By U.S. Air Force Senior Airman Ericka A. Woolever , 31st Fighter Wing Public Affairs
/ Published January 21, 2021
U.S. Air Force Staff Sgt. Robert Loerke, 31st Munitions Squadron crew chief and inspector, and Tech. Sgt. Jason Loerke, 31st MUNS noncommissioned officer in charge of vault maintenance are in a photo with family. (Courtesy Photo)
Tech. Sgt. Jason Loerke, 31st Munitions Squadron, noncommissioned officer in charge of vault maintenance, left, and U.S. Air Force Staff Sgt. Robert Loerke, 31st MUNS crew chief and inspector, right, posed for a photo at Aviano Air Base, Jan. 20, 2021. Jason and Robert are twins who believe family is everything, regardless of the distance. (U.S. Air Force photo by Senior Airman Ericka A. Woolever)
U.S. Air Force Staff Sgt. Robert Loerke, 31st Munitions Squadron crew chief and inspector, left, and Tech. Sgt. Jason Loerke, 31st MUNS noncommissioned officer in charge of vault maintenance, right, pose for a photo. (Courtesy Photo)
“We haven’t been in the same room, car or space with each other for longer than one to three days in the last 10 years,” said U.S Air Force Staff. Sgt. Robert Loerke, 31st Munitions Squadron crew chief and inspector.
Most people who have joined the military likely have thousands of examples of self-sacrifice, large and small. One sacrifice in particular that many may have faced is long hours away from family.
“We’ve lived separate lives since I left home in 2007, so there’s a lot of lost time,” said Tech. Sgt. Jason Loerke, 31st MUNS noncommissioned officer in charge of vault maintenance.
Jason spent most of his career at Minot Air Force Base, while Robert has been stationed in a variety of places such as at Kirtland Air Force Base, New Mexico, Osan Air Base, Korea, to U.S. Army Fort Hood, Texas, and a few more.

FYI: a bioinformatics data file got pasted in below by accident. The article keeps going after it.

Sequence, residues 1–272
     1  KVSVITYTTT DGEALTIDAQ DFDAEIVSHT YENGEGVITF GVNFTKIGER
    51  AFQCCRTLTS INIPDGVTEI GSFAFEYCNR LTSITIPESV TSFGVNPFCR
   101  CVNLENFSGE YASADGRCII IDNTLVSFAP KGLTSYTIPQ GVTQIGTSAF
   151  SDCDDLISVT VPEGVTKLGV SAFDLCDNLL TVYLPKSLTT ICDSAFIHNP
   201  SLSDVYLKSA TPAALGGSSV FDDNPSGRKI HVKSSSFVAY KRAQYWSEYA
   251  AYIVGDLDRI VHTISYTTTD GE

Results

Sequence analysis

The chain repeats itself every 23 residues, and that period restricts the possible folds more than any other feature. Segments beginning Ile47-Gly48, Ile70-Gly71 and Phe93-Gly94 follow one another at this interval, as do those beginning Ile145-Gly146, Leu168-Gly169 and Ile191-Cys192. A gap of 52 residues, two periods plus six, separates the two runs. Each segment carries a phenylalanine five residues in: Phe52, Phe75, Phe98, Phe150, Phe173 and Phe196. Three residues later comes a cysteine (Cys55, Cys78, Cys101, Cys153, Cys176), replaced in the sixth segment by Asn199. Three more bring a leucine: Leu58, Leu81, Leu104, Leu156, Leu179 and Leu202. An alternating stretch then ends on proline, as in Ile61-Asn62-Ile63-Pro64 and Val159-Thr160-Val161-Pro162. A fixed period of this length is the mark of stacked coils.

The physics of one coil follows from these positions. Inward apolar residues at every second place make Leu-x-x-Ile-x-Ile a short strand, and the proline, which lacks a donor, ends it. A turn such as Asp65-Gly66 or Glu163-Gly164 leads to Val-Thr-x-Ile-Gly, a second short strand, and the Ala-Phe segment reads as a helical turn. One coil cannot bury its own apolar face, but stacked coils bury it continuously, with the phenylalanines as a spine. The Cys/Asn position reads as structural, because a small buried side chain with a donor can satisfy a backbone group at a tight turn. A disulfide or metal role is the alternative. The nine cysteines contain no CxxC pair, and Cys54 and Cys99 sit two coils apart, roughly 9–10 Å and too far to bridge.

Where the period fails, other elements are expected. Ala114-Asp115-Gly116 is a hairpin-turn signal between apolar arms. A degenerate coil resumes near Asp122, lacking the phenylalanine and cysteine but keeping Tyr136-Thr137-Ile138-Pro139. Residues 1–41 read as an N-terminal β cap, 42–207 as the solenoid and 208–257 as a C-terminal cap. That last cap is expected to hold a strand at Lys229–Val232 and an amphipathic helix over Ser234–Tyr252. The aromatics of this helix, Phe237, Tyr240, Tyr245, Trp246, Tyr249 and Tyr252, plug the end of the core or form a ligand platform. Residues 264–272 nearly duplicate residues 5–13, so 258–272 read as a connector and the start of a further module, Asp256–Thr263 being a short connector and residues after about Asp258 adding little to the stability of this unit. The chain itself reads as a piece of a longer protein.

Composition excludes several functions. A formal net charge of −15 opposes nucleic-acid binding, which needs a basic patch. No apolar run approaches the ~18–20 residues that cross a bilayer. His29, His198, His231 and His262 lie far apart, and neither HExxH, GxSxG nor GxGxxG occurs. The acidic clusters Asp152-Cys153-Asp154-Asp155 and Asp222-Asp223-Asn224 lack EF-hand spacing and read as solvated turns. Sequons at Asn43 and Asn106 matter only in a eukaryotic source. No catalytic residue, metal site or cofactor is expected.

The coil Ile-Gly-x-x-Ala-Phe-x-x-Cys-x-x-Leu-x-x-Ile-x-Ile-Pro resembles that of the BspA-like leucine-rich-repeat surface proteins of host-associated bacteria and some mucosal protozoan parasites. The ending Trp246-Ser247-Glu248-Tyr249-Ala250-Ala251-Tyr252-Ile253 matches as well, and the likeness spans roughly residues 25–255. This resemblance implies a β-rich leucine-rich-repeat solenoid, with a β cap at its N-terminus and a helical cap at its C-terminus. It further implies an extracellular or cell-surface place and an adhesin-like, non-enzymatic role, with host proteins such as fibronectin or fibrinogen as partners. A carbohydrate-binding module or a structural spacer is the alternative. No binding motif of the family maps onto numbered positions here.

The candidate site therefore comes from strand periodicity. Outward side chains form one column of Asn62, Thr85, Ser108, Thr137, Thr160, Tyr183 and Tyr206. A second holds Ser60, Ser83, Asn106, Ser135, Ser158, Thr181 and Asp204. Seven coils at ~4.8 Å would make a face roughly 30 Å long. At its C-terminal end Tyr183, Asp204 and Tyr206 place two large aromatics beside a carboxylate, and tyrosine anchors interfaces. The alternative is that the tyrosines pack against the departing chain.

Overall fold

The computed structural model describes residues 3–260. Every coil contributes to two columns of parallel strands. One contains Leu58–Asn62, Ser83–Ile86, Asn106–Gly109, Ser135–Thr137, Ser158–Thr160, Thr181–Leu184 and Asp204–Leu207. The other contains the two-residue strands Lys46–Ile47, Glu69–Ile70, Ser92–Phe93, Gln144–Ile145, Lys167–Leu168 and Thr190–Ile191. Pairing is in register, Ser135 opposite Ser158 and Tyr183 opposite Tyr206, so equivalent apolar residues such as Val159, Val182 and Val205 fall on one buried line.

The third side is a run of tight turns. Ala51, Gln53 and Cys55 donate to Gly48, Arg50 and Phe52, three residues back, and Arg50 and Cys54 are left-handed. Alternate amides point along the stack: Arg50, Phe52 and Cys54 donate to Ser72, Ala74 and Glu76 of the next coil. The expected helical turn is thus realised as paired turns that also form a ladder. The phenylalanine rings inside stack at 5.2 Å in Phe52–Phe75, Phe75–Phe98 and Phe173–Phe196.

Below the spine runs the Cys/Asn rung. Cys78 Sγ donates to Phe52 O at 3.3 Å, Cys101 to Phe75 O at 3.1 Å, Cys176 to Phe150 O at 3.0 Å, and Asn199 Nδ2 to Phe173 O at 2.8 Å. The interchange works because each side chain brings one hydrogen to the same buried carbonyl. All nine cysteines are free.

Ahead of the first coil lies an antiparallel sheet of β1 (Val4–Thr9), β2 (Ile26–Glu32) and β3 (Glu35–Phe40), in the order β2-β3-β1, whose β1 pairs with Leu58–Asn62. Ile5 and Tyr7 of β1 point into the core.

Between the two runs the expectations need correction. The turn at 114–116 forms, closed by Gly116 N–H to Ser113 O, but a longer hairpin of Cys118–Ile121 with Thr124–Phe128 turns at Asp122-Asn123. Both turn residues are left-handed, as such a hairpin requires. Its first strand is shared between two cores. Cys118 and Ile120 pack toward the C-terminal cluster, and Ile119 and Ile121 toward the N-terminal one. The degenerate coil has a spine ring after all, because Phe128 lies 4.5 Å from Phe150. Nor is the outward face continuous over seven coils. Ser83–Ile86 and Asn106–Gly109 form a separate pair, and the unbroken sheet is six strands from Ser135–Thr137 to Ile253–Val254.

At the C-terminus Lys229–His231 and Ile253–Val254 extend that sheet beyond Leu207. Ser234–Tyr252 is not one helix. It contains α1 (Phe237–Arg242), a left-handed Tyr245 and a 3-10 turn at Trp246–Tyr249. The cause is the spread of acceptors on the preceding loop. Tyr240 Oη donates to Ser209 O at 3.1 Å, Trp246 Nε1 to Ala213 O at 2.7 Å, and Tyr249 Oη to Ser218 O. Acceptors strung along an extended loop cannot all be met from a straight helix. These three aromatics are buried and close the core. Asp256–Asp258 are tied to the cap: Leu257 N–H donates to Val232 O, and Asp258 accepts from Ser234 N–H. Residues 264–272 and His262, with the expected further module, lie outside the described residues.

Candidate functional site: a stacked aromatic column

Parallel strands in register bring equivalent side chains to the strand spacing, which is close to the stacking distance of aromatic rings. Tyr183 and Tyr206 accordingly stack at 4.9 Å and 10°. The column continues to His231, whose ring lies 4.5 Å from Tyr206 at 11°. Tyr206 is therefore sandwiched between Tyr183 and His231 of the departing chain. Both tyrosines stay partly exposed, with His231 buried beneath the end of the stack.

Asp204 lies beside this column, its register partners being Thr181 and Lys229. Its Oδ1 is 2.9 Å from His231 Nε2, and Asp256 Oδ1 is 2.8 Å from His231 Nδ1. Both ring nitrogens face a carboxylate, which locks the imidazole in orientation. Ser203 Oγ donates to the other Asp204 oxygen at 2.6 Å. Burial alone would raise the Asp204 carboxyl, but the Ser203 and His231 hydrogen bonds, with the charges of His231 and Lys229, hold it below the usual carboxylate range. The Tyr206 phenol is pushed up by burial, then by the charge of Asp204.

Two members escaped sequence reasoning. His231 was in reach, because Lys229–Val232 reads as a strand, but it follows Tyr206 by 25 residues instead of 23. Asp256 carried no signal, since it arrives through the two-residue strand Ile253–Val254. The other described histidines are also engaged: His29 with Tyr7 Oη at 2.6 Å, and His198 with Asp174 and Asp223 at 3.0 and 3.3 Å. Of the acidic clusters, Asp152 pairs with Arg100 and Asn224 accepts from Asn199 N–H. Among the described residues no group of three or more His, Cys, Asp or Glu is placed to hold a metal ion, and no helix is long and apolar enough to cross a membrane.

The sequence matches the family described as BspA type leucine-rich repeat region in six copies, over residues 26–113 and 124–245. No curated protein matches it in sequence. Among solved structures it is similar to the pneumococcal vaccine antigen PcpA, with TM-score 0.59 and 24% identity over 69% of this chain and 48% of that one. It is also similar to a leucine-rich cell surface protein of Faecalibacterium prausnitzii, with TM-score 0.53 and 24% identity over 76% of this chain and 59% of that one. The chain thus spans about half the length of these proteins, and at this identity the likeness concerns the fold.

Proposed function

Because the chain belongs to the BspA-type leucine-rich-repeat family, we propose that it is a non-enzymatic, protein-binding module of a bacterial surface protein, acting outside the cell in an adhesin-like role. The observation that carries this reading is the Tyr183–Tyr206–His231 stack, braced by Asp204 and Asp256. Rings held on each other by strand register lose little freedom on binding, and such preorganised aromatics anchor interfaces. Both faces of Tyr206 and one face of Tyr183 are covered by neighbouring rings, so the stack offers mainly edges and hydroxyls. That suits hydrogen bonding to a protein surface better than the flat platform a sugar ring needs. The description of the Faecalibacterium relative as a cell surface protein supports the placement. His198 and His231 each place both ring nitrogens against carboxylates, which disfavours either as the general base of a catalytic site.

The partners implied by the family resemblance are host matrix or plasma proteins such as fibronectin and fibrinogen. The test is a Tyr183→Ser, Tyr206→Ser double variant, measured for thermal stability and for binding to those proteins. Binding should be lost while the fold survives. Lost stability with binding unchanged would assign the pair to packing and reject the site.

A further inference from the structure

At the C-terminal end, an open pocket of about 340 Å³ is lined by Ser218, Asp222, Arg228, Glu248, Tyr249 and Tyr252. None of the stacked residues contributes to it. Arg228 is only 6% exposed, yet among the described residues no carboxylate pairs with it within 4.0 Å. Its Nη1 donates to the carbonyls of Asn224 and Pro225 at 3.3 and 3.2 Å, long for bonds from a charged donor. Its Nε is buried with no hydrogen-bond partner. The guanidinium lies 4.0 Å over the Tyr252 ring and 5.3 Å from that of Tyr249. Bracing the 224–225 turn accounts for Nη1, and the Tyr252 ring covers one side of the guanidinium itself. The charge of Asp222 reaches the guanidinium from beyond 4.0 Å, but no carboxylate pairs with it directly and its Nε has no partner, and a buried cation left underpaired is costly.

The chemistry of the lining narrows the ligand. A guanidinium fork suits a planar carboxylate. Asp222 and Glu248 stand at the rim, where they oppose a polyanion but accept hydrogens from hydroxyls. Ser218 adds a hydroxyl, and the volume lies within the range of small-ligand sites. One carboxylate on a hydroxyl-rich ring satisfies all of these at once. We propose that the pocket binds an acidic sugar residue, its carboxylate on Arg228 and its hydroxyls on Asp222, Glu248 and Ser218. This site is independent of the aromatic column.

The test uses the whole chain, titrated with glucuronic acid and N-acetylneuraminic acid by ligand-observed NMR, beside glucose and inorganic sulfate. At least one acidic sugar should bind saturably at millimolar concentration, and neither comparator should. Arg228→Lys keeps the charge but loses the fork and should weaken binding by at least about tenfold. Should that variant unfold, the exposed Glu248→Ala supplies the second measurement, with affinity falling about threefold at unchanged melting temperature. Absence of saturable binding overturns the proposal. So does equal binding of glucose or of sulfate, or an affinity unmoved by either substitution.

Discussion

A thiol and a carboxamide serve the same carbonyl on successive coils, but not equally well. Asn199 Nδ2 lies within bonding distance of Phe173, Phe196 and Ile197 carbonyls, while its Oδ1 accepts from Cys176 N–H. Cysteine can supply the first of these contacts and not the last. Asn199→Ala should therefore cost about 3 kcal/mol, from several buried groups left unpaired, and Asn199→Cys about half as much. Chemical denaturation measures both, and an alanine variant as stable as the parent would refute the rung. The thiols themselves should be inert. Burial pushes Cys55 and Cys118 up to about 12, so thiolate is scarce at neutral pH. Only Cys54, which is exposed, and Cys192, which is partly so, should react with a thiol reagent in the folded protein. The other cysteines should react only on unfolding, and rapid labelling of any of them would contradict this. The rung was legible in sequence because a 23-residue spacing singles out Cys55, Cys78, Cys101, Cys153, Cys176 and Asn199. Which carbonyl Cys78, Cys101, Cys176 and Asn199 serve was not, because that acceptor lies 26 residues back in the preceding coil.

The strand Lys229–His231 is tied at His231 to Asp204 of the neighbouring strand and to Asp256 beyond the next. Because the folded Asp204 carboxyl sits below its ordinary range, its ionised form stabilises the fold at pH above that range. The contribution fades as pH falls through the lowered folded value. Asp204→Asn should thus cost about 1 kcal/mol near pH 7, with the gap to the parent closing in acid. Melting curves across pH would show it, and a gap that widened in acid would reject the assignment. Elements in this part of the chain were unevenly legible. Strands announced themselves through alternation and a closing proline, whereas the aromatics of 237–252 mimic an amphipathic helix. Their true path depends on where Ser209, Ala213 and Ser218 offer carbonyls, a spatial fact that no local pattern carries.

In January of 2016, Jason was thrilled to receive orders to Aviano AB, not only would he be stationed in Italy, but he would also be stationed with his brother. After 13 years apart, both Jason and Robert would have the chance to live life side by side, just as they did when they were younger.
Originally growing up in Tucker, Georgia, Robert and Jason were inseparable.
“We literally did everything together,” said Robert. “We participated in the same sports, ate together, had bunk beds, and hung out with the same group of friends. Everyone knew the ‘Loerke twins.’”
Growing up in a family of five, Robert explained how he remembers how they spent their time.
“We were an active family, taking bike rides all over the city,’ said Robert. “We took family trips where we spent time with our grandparents, aunts, uncles and cousins. We played in different year-round sports, and it seemed like we were always outside.”
As they grew older, they both worked for their family-owned business, but as time passed, each of them wanted something different.
Robert said he grew tired of the service industry. He felt his life was like a real-life-ground-hog day. He knew he was meant for something bigger than himself and serving his country fit that perfectly.
While Jason who also worked with his parents, he said he needed an escape from the norms of what life had in store for him at that time. He needed more discipline and direction in life.
In May of 2007, Jason joined the world’s greatest Air Force, and it wasn’t even three years later in February of 2010, when Robert also lifted his right hand and swore to support and defend the Constitution of the United States against all enemies, foreign and domestic.
“My brother and I are first generation Airmen from our family,” said Robert.
Their family was happy and “super proud” that both their sons joined the Air force, said Jason.
“I think it’s safe to say for both of us the Air Force has molded us into better men, who are more disciplined and more responsible,” said Jason.
With a combined total of 23 years of service, each of them share their own insight for future Airmen.
“Don’t be afraid of failure, you learn from failure, just don’t make that same mistake over and over and don’t be afraid to do the right thing,” said Robert.
Jason explained that it is important for Airmen to soak up as much information as they can, by keeping their eyes and ear open. He believes Airmen should never quit, although it will be hard, failure is expected but Airmen should always persevere.
But as brothers they share one important perspective.
“Family is everything,” said Robert. “Regardless of the distance, you aren’t really apart, we share experiences everywhere we go.